A revised funding bill for a new Pawtucket Red Sox (Class AAA; International League) ballpark is being debated by Rhode Island officials, who have plenty of questions about the proposal.
Earlier this year, the Rhode Island Senate approved a bill that would fund the proposed downtown Pawtucket ballpark. In that legislation, the Pawtucket Redevelopment Agency would be permitted to borrow a maximum of $85 million for the project, with the PawSox making a $33 million contribution, the state paying $23 million, and the city allocating $15 million. In addition, the team would pay $12 million after approval of the plan.
However, Rhode Island House Speaker Nicholas Mattiello criticized that bill, believing that it put too great of a burden on state taxpayers. A revised bill released earlier this week effectively eliminates the state backstop that would cover any potential shortfalls. The proposal was discussed during a Rhode Island House Finance Committee hearing on Thursday, and officials acknowledged that some questions have to be addressed. Among them are the exact borrowing costs for the parties involved. More from The Providence Journal:
[Commerce Secretary Stefan] Pryor’s questions include whether investors will buy stadium revenue bonds and how much higher borrowing costs for the state, city and PawSox will be under the plan, which does not include a state guarantee as the Senate bill passed earlier this year did.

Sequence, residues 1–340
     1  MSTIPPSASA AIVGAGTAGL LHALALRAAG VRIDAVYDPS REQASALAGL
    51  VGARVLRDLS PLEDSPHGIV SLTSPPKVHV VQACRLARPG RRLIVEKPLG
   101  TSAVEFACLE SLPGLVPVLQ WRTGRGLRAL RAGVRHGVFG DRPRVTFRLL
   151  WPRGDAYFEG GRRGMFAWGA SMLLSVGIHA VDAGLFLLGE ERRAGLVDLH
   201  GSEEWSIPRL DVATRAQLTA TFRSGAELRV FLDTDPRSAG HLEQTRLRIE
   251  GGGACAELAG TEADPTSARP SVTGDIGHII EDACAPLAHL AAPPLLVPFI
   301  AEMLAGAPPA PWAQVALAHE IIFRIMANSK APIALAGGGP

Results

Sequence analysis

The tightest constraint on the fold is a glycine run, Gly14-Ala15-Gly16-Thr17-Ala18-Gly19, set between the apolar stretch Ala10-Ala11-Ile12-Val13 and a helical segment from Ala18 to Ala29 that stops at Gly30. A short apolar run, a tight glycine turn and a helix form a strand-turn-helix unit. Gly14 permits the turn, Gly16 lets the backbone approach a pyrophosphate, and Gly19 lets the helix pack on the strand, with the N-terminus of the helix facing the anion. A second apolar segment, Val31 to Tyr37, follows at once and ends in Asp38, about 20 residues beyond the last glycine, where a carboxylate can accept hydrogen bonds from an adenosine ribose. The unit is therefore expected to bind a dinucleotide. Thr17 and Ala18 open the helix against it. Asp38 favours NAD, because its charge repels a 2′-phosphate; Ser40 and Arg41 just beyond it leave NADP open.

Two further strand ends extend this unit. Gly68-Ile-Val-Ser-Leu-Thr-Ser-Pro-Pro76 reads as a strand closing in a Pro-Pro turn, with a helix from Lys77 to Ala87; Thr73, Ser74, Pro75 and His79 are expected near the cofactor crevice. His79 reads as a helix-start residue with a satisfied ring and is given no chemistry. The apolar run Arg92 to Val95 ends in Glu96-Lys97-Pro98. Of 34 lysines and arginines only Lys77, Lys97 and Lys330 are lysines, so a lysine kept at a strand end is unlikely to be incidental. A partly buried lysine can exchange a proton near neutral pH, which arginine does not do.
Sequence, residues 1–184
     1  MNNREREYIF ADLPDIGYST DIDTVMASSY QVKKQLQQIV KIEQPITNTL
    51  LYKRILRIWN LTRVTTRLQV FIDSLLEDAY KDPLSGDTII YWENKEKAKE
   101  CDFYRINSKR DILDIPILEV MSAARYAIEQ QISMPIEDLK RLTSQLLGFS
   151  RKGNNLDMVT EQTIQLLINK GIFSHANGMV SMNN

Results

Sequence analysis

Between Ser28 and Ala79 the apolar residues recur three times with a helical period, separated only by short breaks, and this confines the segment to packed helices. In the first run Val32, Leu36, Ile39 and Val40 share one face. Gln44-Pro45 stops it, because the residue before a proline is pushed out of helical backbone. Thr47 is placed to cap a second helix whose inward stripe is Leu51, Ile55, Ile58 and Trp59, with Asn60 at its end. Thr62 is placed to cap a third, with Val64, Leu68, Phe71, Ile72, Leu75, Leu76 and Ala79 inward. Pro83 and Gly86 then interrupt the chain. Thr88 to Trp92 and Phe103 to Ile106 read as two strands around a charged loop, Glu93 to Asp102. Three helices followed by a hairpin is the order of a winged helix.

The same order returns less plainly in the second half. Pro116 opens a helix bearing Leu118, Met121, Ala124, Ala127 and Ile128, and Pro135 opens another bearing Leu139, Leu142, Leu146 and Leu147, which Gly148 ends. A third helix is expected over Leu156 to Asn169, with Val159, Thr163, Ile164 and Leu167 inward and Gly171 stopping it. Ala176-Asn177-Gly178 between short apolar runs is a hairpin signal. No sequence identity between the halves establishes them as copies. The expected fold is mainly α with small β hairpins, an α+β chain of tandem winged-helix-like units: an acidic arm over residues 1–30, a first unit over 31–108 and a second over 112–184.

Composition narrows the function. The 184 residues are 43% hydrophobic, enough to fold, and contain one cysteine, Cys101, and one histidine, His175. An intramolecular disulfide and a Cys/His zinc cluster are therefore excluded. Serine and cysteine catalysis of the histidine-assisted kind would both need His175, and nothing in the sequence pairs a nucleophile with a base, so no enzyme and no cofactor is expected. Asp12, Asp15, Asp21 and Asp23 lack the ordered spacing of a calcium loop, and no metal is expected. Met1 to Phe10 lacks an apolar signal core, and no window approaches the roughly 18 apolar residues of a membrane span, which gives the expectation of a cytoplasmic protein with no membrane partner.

John Simmons, of the business-backed Rhode Island Public Expenditure Council, estimated that the absence of a state guarantee could result in $300,000 to $800,000 in additional interest payments a year. He also recommended lawmakers require the PawSox to stay in Pawtucket while the 30-year bonds are being repaid.
Stadium critics had even more questions.
“The cost to the taxpayers is going up with this bill, no question it is going to be more than the Senate’s version,” Republican National Committeeman Steve Frias, who nearly unseated Mattiello in his Cranston district two years ago, told the committee.
The bill only specifies the team’s contribution, which remains at $45 million, but the Journal reports that “House staff have said the intent is to keep the same $23-million state contribution and $15-million city contribution.” The Rhode Island Senate passed its bill in January, but Mattiello quickly came out with his opposition to the plan and there had been questions over the last several months about what a revised bill would look like.
The proposed PawSox ballpark is being pitched for the site of an Apex department store in downtown Pawtucket, and proponents have argued that it could be a catalyst for development in the area. If it is built, the ballpark will replace McCoy Stadium, the oldest active Class AAA facility in Minor League Baseball, as the PawSox’s home.
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